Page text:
Government decentralization or shrinkage

Some argue[weasel words] that libertarian proposals to decrease the size or centralization of government would have the opposite of their intended effect. John Donahue argues in American Prospect that when power is shifted to local authorities, parochial local interests predominate at the expense of the whole, leading to inefficiency, corruption, and loss of freedom - as when limits on federal power were used to defend segregation. He claims with regard to proposals for federal devolution that, "Collective value is squandered in the name of a constricted definition of gain. States win advantages that seem worthwhile only because other states bear much of the costs. America's most urgent public challenges... involve the stewardship of common interests. The fragmentation of authority makes success less likely."[9] The American Prospect is a monthly magazine which focuses on US politics and public policy. ...


Libertarians generally contend that decentralization leads to competing political systems, driving up excellence in government generally -- or at least making it easier for individuals to choose what form of government to live under.


Deontological ethical theories

Many people criticize libertarian arguments that rely on the idea of natural law, or other deontological ethical views, for what they consider to be questionable premises (especially about human nature) and a heavy reliance on deductive reasoning. If a few basic premises of a libertarian theory built in this way could be proved false, the whole system would collapse. Natural law or the law of nature (Latin: lex naturalis) is an ethical theory that posits the existence of a law whose content is set by nature and that therefore has validity everywhere. ... This does not cite any references or sources. ... For other uses, see Human nature (disambiguation). ... Deductive reasoning is the kind of reasoning where the conclusion is necessitated by previously known premises. ...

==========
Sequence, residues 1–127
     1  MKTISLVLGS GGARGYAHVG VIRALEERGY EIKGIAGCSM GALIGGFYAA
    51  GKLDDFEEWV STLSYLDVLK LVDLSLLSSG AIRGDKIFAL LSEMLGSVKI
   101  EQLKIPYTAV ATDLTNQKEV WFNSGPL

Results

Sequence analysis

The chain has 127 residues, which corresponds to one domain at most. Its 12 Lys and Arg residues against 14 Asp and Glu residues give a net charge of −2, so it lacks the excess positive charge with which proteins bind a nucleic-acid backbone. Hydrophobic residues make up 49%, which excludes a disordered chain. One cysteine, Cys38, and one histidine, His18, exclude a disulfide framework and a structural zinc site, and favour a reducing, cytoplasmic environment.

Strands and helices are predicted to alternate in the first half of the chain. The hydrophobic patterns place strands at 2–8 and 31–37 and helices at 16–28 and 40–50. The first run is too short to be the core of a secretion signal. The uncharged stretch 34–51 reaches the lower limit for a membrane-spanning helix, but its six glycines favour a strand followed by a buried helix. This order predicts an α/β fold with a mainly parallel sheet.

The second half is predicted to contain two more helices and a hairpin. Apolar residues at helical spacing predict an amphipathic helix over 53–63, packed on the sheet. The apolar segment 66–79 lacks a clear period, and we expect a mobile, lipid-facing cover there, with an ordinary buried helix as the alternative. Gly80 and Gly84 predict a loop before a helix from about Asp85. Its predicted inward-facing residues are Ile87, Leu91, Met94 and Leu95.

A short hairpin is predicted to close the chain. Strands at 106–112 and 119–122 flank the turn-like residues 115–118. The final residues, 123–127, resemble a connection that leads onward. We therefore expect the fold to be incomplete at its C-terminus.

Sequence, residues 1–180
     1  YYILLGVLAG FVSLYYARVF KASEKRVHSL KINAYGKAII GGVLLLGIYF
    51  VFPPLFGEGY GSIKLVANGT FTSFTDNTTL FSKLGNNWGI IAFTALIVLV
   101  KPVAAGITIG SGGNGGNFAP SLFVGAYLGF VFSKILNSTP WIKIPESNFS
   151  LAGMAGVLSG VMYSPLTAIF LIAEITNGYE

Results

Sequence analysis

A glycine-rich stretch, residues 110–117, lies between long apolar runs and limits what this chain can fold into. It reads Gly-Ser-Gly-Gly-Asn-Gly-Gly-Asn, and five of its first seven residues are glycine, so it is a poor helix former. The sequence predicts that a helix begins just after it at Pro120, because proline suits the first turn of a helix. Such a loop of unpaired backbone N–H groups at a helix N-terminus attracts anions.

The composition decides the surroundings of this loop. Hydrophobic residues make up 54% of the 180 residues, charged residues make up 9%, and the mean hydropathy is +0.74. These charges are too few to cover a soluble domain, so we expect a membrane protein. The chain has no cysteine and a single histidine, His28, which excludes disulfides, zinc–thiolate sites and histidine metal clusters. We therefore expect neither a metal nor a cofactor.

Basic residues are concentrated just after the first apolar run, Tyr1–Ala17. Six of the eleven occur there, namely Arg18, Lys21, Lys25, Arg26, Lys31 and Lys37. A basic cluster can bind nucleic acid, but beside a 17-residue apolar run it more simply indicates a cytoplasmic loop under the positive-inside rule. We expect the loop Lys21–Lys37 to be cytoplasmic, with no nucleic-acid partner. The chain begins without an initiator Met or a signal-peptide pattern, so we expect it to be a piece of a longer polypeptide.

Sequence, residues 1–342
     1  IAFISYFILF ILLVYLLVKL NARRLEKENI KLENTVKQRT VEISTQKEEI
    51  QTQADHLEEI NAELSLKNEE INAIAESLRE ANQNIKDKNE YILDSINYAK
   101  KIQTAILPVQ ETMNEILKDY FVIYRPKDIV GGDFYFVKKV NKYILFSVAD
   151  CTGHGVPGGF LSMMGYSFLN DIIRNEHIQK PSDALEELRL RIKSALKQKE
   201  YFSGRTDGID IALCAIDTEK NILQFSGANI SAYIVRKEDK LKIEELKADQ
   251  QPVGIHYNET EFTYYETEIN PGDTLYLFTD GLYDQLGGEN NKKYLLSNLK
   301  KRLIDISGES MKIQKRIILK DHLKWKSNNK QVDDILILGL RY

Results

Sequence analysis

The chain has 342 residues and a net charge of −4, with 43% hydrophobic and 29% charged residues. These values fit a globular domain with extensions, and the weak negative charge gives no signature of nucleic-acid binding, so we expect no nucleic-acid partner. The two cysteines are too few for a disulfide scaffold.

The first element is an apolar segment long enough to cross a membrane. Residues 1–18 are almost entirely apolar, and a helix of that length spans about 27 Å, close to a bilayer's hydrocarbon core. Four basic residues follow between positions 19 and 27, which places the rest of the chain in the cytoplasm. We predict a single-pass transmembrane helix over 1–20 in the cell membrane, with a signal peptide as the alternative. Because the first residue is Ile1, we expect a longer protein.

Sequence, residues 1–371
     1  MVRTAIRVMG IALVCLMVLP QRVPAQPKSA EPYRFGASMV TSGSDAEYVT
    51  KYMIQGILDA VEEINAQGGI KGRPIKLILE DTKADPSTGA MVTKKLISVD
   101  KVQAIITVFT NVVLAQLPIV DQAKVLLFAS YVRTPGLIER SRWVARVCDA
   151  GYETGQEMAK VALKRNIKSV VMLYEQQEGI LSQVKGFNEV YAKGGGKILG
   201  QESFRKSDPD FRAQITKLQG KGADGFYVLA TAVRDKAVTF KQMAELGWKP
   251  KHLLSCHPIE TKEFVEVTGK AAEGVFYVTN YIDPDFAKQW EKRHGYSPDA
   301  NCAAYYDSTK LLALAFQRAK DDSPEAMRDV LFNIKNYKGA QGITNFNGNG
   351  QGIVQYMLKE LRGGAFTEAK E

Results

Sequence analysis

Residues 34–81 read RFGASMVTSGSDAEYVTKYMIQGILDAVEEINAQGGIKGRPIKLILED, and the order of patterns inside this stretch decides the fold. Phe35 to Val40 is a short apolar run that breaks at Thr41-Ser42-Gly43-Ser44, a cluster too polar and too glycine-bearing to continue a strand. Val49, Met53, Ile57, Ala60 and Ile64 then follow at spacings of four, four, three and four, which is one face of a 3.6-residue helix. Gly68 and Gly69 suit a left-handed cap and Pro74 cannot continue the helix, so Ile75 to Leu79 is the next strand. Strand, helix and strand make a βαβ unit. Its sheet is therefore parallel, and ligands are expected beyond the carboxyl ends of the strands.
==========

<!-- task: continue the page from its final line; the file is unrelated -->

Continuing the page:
Jeffrey Friedman, editor of Critical Review, argues that libertarians often rely on the unproven assumption that economic growth and affluence automatically result in happiness, and shift the burden of proof to their opponents without justification, when in fact "it is the libertarian who is committed to the grand claim that, for some reason, intervention must always be avoided." Friedman also argues that natural law libertarianism's justification for the primacy of property is incoherent: "if (as Boaz maintains) the liberty of a human being to own another should be trumped by equal human rights (62), the liberty to own large amounts of property [at the expense of others] should... also be trumped by equal human rights. This alone would seem definitively to lay to rest the philosophical case for libertarianism... The very idea of ownership contains the relativistic seeds of arbitrary authority: the arbitrary authority of the individual's 'right to do wrong.'"[10] World GDP/capita changed very little for most of human history before the industrial revolution. ... Wealth is an abundance of items of economic value, or the state of controlling or possessing such items, and encompasses money, real estate and personal property. ... “Happy” redirects here. ... In the common law, burden of proof is the obligation to prove allegations which are presented in a legal action. ... David Boaz is the executive vice president of the influential libertarian U.S think tank the Cato Institute. ...